<<Adah Belle Samuels Thoms, R.N.

    Adah Belle Samuels Thoms, a crusader for increased educational and professional opportunities for black nurses, graduated from the Lincoln Hospital and Home Training School in the Bronx, NYC. She was employed at Lincoln Hospital as operating room nurse, surgical nursing supervisor, assistant director of nurses, and acting director of the training school. Throughout her career she worked through her membership in professional associations for the betterment of black nurses. During World War I, Thoms persuaded the American Red Cross Nursing Service to accept black nurses, thus making them eligible for service in the Army Nurse Corps. She was a leader in the formation of the National Association of Colored graduate Nurses (NACGN), and later served as its president. She was an early member of the National Organization for Public Health Nursing (NOPHN), and actively worked for the integration and consolidation of NACGN and NOPHN into the American Nurses Association. Thoms was a member of the New York State Nurses Association through the institutional membership of her alumnae association.

    Later in life, she wrote Pathfinders , the first history of American black nursing, and was the first recipient of the Mary Mahoney Award.>>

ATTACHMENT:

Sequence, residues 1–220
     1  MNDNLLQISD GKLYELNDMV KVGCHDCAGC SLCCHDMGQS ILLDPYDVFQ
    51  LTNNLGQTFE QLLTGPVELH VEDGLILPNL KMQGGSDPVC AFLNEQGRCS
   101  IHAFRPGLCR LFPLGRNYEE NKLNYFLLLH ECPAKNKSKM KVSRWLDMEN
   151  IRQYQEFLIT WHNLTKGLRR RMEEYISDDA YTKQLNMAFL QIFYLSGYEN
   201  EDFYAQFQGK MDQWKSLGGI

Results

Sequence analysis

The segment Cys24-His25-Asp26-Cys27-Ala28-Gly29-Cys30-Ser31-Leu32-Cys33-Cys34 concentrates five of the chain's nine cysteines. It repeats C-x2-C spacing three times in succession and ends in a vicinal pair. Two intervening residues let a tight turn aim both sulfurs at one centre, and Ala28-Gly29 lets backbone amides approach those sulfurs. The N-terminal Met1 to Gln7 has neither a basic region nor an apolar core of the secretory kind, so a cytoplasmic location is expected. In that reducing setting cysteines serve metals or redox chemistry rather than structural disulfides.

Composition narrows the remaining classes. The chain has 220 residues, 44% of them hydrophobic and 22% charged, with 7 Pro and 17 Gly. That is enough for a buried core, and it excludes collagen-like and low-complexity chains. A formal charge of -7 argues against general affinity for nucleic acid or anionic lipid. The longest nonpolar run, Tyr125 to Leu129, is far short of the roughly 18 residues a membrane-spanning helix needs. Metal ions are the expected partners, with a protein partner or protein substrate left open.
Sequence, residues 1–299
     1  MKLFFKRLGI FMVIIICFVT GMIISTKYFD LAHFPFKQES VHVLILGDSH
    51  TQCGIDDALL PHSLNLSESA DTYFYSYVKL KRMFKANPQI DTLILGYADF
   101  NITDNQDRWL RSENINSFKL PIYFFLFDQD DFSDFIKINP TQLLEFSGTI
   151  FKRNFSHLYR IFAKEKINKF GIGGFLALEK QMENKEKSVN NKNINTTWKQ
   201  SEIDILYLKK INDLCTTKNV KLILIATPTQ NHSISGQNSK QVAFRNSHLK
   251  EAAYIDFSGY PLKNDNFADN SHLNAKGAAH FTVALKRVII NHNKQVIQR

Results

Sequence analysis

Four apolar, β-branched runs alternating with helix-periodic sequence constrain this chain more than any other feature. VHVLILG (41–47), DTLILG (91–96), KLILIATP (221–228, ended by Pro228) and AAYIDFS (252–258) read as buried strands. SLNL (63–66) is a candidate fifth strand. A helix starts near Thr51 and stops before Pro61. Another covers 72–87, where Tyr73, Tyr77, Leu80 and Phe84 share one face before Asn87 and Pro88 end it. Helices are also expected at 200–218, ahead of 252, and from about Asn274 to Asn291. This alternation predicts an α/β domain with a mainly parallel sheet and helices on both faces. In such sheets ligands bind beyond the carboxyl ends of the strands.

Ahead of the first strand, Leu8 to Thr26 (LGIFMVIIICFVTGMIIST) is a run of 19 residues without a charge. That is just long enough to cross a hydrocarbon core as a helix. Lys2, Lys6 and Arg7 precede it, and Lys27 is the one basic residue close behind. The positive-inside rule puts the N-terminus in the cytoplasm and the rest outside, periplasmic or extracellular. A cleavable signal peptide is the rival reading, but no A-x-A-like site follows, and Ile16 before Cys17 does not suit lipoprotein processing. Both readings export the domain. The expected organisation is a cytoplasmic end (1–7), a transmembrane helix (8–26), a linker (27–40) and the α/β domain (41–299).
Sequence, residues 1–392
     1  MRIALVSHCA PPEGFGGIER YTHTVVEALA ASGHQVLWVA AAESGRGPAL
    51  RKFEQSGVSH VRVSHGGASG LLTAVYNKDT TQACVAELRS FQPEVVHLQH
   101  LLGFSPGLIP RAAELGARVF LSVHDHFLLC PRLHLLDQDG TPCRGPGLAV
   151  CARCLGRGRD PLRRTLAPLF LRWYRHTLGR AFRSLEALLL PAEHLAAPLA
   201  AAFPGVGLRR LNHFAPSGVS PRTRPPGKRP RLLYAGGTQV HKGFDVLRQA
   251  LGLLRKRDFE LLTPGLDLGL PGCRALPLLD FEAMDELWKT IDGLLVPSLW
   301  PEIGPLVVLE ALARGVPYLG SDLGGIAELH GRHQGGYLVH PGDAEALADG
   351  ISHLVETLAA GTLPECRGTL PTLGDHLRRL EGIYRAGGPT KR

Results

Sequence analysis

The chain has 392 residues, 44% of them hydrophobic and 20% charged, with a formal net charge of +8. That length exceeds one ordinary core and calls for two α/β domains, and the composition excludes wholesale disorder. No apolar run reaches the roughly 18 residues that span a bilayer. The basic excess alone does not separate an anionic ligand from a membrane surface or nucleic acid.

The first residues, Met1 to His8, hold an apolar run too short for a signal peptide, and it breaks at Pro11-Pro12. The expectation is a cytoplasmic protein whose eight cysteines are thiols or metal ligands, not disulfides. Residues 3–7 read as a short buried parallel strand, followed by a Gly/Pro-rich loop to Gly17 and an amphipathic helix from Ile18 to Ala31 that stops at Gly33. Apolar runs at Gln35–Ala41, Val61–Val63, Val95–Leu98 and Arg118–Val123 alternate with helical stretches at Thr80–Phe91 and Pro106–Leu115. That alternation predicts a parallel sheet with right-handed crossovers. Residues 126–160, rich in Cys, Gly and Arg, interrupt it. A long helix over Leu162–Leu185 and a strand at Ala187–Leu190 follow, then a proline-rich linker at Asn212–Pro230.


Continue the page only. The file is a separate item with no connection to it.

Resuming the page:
<<Mabel Keaton Staupers, RN

    Mabel Keaton Staupers devoted her career to breaking down color barriers in health care services and the profession of nursing. A graduate of Freedmans Hospital School of Nursing, she worked as a private duty nurse, organized the first private facility in Harlem that allowed African American physicians to treat their patients, and surveyed the health care needs in Harlem for the New York Tuberculosis and Health Association. As Executive Secretary and later president of the National Association of Colored Graduate Nurses (NACGN), Staupers strengthened the association through coalition building, improving the quality of publications, and increasing publicity. During World War II, she led NACGNs campaign to gain full acceptance of African American nurses into the military, increase minority recruitment into nursing, and upgrade nursing education for African American students. By wars end, both the Army and Navy Nurse Corps accepted African American applicants, largely due to Staupers efforts.

    Her book, No Time for Prejudice , documents the struggles, accomplishments, and events of her era.>>